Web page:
£27,295 , you may not need to repay your student loan, the money you borrow from the government to pay for your tuition: 
     https://www.gov.uk/repaying-your-student-loan/what-you-pay .

    So £30k is about what you should ask for, outside of London, if you just come out of university, to have some hope of repaying your student loans.

    That's for somebody who has absolutely no work experience.
  • Full time jobs in type are as rare as rocking horse teeth so any graduate looking to get started in the industry may consider Dalton Maag as a good entry point. From people I've spoken to who started there, they have a training period for new hires which is commendable given how complex it can be to understand type design. It's one thing to draw letters, it's a total different skillset to understand production, hinting etc etc. Personally, when I finished the MATD at Reading I looked into Dalton but IIRC they weren't hiring people without EU citizenship (I'm Australian). Also London weather is not my cup of tea.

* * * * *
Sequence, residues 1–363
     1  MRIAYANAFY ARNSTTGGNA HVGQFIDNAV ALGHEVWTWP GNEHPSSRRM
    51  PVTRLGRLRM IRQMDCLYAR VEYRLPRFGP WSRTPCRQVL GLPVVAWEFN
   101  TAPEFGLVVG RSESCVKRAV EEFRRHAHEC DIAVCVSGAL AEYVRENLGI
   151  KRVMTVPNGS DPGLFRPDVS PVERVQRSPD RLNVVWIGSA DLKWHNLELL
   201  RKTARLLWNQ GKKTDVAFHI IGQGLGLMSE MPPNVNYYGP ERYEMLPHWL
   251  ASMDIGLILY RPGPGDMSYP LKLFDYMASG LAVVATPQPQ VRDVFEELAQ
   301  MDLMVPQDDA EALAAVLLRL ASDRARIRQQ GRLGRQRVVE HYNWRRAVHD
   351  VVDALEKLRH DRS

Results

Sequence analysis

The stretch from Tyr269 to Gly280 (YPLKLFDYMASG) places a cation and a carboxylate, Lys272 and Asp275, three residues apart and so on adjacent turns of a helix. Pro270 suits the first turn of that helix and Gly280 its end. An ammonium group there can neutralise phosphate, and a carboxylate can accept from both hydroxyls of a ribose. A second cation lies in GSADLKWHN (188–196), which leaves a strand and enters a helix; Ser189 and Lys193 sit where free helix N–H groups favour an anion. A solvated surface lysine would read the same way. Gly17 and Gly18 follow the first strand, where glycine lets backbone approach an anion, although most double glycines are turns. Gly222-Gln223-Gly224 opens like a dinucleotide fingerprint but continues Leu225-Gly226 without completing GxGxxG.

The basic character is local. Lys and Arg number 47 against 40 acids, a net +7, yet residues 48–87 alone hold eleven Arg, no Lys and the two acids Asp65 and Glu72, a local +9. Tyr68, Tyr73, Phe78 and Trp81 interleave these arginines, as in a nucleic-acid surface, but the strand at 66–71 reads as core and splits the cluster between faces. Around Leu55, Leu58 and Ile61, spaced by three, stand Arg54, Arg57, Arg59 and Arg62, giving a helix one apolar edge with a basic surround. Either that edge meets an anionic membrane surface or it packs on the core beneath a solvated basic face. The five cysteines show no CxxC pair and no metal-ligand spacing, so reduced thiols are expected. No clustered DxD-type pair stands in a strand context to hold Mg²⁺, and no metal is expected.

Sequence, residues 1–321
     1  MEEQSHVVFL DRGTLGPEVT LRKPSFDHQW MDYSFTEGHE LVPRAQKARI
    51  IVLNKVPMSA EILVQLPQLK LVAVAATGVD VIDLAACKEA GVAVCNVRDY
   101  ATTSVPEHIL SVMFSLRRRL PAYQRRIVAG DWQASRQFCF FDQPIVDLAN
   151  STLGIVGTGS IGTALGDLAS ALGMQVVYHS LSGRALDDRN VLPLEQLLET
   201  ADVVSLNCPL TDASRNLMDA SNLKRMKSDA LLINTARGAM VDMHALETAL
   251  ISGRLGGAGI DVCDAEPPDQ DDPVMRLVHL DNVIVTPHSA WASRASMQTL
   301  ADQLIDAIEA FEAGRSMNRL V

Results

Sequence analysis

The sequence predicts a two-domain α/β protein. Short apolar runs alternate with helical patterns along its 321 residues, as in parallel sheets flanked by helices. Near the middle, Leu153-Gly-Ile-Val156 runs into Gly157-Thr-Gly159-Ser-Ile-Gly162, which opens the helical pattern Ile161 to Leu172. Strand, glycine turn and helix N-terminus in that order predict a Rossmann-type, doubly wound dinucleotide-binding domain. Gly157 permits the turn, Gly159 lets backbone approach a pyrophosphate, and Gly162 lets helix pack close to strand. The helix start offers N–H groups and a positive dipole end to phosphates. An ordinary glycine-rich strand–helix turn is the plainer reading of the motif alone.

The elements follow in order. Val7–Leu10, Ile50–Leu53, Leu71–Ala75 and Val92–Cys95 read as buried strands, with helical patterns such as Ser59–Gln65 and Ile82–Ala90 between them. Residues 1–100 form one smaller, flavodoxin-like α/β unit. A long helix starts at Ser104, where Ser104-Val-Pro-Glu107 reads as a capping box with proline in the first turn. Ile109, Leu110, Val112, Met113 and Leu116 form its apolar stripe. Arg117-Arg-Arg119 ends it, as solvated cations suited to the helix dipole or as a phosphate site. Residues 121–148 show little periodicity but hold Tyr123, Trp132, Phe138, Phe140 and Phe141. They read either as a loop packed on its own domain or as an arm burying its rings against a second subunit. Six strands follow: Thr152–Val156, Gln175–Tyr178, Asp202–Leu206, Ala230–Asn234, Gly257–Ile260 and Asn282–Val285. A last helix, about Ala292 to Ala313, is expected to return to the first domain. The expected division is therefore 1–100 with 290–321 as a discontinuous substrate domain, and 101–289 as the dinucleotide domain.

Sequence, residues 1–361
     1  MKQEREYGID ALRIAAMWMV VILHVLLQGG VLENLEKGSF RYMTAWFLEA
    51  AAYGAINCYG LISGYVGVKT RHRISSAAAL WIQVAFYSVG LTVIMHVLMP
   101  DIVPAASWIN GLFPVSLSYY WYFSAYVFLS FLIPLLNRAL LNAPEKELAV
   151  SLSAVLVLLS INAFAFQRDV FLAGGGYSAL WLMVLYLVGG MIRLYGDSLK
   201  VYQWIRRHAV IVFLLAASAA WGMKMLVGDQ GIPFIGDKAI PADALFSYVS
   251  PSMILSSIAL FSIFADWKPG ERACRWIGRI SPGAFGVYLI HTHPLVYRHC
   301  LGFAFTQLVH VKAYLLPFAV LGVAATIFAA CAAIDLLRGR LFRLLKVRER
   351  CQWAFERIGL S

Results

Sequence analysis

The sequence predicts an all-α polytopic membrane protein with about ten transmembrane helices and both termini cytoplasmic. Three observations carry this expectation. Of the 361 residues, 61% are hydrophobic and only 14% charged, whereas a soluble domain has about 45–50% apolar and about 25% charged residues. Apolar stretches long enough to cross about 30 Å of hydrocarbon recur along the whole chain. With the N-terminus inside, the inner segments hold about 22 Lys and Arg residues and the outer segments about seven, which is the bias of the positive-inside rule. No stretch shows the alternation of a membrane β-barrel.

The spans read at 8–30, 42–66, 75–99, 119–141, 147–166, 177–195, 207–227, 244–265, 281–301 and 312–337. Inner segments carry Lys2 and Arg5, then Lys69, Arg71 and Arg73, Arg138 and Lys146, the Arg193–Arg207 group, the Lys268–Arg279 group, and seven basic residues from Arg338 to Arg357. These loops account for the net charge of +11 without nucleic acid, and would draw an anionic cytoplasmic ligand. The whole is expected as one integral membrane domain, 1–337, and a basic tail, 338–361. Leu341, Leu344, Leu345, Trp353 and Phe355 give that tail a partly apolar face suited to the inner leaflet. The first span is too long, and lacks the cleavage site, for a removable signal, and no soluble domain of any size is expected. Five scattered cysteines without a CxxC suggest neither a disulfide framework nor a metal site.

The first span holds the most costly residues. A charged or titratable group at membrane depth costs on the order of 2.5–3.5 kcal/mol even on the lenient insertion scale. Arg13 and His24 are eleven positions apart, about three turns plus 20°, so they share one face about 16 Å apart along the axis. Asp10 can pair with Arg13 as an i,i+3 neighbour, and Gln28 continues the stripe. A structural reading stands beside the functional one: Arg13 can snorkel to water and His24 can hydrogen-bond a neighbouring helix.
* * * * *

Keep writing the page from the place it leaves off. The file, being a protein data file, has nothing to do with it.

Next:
As Simon says, the UK and US type industries are not directly comparable, and I'd add to this by saying USA and Canada are not directly comparable either when it comes to type jobs. 
  • My figure above already argues that, if you were a UK citizen, taking out a government loan to attend MATD at Reading (plus perhaps another government loan for your degree before that), you should not be looking at any jobs offering less than £30k outside of London, because the job simply does not pay enough to cover your debt on tuition fees to get educated to get there in the first place...
  • I agree with you but you're dealing in absolutes. Not every student who attends Reading's MATD pays out of their own pocket: some may have wealthy parents, some may have gotten a grant...there are many scenarios and the whole situation is nuanced given that different people have different desires and goals.